Background: Elevated lipoprotein(a) [Lp(a)] and coronary artery calcium (CAC) score are individually associated with increased atherosclerotic cardiovascular disease (ASCVD) risk but have not been studied in combination. Objectives: This study sought to investigate the independent and joint association of Lp(a) and CAC with ASCVD risk. Methods: Plasma Lp(a) and CAC were measured at enrollment among asymptomatic participants of the MESA (Multi-Ethnic Study of Atherosclerosis) (n = 4,512) and DHS (Dallas Heart Study) (n = 2,078) cohorts. Elevated Lp(a) was defined as the highest race-specific quintile, and 3 CAC score categories were studied (0, 1-99, and ≥100). Associations of Lp(a) and CAC with ASCVD risk were evaluated using risk factor–adjusted Cox regression models. Results: Among MESA participants (61.9 years of age, 52.5% women, 36.8% White, 29.3% Black, 22.2% Hispanic, and 11.7% Chinese), 476 incident ASCVD events were observed during 13.2 years of follow-up. Elevated Lp(a) and CAC score (1-99 and ≥100) were independently associated with ASCVD risk (HR: 1.29; 95% CI: 1.04-1.61; HR: 1.68; 95% CI: 1.30-2.16; and HR: 2.66; 95% CI: 2.07-3.43, respectively), and Lp(a)-by-CAC interaction was not noted. Compared with participants with nonelevated Lp(a) and CAC = 0, those with elevated Lp(a) and CAC ≥100 were at the highest risk (HR: 4.71; 95% CI: 3.01-7.40), and those with elevated Lp(a) and CAC = 0 were at a similar risk (HR: 1.31; 95% CI: 0.73-2.35). Similar findings were observed when guideline-recommended Lp(a) and CAC thresholds were considered, and findings were replicated in the DHS. Conclusions: Lp(a) and CAC are independently associated with ASCVD risk and may be useful concurrently for guiding primary prevention therapy decisions.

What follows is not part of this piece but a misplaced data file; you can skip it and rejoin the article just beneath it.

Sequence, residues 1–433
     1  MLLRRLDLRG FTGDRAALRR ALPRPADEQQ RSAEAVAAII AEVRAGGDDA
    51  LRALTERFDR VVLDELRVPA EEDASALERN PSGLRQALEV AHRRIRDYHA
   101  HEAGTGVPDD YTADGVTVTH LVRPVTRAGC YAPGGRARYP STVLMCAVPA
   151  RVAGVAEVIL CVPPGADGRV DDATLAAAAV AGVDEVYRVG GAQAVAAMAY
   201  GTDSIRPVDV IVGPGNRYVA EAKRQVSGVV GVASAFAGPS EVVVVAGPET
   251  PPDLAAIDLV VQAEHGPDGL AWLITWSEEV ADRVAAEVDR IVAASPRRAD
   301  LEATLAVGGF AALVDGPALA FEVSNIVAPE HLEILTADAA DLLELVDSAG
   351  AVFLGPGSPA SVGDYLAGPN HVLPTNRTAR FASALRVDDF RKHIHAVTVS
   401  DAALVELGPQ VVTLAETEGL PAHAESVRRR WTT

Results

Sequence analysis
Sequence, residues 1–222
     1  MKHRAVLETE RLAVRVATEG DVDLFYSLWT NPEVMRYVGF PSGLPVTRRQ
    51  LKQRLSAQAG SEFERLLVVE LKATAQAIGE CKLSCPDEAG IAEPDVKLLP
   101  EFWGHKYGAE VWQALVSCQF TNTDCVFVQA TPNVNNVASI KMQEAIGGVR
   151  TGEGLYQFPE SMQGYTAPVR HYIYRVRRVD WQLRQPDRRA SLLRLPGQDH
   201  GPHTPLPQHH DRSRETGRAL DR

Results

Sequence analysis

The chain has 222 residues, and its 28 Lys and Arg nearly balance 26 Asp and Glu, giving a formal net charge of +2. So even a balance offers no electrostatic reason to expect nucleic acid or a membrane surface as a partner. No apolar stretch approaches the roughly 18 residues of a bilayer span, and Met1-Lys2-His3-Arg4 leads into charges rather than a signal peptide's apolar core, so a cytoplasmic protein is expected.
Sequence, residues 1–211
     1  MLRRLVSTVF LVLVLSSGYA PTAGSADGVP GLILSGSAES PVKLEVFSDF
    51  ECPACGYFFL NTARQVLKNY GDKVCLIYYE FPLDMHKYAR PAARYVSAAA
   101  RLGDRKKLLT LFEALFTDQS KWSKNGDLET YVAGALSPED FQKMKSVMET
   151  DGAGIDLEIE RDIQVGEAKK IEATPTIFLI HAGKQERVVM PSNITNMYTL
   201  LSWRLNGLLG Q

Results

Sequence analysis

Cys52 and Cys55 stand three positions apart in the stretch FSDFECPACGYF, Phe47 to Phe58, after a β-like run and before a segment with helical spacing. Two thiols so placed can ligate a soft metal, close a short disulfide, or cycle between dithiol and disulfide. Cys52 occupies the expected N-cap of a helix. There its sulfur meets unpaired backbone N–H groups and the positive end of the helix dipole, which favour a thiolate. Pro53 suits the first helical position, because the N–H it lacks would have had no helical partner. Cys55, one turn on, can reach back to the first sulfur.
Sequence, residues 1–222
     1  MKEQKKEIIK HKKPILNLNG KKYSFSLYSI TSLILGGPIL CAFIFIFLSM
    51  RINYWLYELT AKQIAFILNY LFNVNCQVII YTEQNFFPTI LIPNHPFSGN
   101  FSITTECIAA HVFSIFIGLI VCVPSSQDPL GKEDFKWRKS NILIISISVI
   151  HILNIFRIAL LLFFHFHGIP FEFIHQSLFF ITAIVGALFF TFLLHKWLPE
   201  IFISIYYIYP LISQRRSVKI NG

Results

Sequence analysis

- atherosclerotic cardiovascular disease
- coronary artery calcium
- primary cardiovascular disease prevention
ASJC Scopus subject areas
- Cardiology and Cardiovascular Medicine